A survey, conducted by Transparency Rwanda within Kigali City, indicates that at least 60 percent of the residents appreciate the services offered by their respective local authorities.
The survey was conducted using information collected from suggestion boxes installed across the three districts that make up the city.
Transparency Rwanda is a subsidiary of Transparency International, an anti-corruption watchdog.
The boxes were placed at all district headquarters and offices of three randomly selected sectors in each district.
The exercise, which was financed by the Rwanda Governance Advisory Council (RGAC), was preceded by publicity campaigns through social gatherings like “Umuganda” and over radio shows.
Citizens who sought various services at the respective administrative units, filled questionnaires and dropped them in the boxes which were later collected by the watchdog.
The three sectors are representative of 25 percent of Kigali’s sectors, and according to RGAC; the exercise will be extended across the whole country upon the availability of more resources.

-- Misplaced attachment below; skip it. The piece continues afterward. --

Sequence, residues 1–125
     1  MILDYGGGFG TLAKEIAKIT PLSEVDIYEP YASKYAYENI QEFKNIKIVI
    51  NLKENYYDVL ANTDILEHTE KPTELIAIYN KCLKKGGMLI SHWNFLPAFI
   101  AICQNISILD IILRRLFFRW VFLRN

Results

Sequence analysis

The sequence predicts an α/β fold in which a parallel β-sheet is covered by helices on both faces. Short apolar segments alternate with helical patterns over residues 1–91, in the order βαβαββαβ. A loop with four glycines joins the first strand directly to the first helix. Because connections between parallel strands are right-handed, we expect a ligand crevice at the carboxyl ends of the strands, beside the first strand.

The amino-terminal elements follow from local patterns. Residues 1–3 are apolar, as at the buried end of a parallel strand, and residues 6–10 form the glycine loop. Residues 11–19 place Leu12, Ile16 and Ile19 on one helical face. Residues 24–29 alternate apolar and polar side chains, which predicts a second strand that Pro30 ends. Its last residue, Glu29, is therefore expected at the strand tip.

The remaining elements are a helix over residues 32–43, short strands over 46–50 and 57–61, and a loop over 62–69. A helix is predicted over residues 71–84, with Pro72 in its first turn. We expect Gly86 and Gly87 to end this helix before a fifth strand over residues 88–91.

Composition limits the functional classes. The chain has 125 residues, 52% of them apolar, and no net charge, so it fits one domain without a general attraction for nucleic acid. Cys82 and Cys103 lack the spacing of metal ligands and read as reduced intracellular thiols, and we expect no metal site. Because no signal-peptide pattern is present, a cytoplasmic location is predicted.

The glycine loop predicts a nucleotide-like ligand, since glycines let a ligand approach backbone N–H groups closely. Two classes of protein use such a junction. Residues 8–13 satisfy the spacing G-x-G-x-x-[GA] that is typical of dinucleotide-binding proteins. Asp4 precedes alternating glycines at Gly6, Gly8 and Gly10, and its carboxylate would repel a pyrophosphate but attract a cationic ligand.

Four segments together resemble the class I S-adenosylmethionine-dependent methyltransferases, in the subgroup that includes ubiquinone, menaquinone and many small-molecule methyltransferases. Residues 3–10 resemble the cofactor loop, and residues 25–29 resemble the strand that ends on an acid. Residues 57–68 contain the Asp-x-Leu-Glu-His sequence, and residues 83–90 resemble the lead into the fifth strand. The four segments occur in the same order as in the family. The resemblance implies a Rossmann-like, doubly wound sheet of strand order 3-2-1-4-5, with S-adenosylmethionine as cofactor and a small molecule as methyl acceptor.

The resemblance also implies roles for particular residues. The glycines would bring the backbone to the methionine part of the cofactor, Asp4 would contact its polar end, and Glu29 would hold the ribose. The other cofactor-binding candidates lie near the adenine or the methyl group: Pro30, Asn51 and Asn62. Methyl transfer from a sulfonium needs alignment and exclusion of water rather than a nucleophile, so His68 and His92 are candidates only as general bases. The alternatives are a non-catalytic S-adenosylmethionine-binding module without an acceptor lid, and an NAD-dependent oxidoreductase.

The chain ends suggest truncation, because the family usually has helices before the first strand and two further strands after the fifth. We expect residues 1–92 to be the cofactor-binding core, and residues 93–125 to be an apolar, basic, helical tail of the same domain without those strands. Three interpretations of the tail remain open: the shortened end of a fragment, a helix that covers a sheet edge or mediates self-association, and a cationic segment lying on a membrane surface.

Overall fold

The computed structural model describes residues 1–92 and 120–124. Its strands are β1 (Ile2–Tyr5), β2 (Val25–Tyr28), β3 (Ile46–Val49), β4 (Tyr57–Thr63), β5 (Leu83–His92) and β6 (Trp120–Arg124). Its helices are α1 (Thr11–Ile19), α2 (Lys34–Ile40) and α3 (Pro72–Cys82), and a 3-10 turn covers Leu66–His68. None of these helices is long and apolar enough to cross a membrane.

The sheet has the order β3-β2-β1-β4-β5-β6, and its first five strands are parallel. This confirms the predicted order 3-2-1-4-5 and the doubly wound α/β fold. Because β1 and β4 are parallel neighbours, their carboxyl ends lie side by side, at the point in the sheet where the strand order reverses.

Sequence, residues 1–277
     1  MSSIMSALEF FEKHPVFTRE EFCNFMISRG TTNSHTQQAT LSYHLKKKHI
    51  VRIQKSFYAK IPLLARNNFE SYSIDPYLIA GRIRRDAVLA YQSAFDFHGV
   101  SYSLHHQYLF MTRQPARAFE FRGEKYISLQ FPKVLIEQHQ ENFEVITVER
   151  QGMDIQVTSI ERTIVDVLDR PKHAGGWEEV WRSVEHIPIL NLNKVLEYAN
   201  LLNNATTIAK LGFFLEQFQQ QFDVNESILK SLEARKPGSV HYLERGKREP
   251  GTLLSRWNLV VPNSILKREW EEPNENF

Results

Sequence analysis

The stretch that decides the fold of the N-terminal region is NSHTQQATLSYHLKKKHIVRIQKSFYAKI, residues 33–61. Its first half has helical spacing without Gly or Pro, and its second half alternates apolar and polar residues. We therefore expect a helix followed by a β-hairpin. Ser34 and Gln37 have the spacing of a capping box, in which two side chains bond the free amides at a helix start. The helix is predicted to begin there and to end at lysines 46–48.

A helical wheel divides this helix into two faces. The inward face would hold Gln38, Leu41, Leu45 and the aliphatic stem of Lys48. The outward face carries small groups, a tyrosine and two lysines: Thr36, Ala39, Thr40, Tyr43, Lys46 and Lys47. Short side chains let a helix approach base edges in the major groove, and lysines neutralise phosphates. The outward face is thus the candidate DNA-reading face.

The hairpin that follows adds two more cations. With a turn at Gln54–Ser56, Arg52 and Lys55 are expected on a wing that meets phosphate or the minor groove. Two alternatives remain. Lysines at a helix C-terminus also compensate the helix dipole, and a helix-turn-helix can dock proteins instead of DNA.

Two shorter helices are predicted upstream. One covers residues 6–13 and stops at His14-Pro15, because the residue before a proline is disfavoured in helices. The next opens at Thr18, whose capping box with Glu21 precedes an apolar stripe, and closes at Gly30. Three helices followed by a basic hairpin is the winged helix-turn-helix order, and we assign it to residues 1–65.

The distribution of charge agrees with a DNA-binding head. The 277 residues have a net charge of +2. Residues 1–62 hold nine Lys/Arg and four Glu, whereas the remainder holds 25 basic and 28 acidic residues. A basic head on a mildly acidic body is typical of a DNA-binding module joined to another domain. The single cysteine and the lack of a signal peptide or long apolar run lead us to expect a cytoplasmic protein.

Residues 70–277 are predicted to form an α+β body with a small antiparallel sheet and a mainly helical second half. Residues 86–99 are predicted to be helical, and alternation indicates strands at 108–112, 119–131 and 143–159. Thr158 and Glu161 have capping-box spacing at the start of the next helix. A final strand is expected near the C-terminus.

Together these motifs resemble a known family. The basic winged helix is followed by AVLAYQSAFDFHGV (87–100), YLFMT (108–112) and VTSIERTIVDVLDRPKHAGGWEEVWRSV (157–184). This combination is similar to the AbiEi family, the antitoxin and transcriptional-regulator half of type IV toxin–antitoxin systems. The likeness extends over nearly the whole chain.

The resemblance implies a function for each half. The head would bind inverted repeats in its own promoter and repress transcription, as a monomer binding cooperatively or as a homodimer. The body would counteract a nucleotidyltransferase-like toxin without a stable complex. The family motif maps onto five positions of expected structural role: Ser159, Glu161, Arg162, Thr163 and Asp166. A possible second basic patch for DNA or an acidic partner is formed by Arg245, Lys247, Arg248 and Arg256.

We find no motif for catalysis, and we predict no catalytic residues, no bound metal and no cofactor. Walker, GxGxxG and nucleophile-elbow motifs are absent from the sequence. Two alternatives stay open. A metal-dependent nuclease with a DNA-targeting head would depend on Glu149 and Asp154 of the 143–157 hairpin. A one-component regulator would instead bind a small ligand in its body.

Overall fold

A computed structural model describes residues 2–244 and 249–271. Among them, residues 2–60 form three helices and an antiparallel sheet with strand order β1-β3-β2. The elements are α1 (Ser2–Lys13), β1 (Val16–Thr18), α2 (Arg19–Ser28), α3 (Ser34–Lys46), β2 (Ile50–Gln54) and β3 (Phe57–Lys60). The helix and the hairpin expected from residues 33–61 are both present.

The head of Transparency Rwanda, Immaculee Ingabire, said the process aimed at establishing members of the public’s perception of the services sought from local authorities.
“It is a way of monitoring what is being done at the lower level, to help the country in its fight against corruption, and general improvement of services to the people,” said Ingabire.
“It is encouraging that the majority of the population is satisfied, because they have come to know their rights, but we want to see better figures”.
Nyamirambo and Gahanga sectors recorded more complaints with 60.6 and 56.8 percent of the respondents not happy with the services.
Participating citizens indicated that bureaucracy, poor accountability and lack of staff to attend to them as quickly as possible, were the most common grievances.
11.5 percent cases of corruption were reportedly encountered when seeking for a service.
The Executive Secretary of RGAC, Prof Anastase Shyaka, told the media that the findings would help the council address the shortcomings.
“The findings in this pilot survey have given us a picture of weaknesses to service delivery, like lack of capacity among leaders. When a leader doesn’t know how to deliver a service, he definitely doesn’t satisfy the citizen,” Shyaka said.
He added that the government would continue fixing problems like the capacity gap and increase sensitisation campaigns.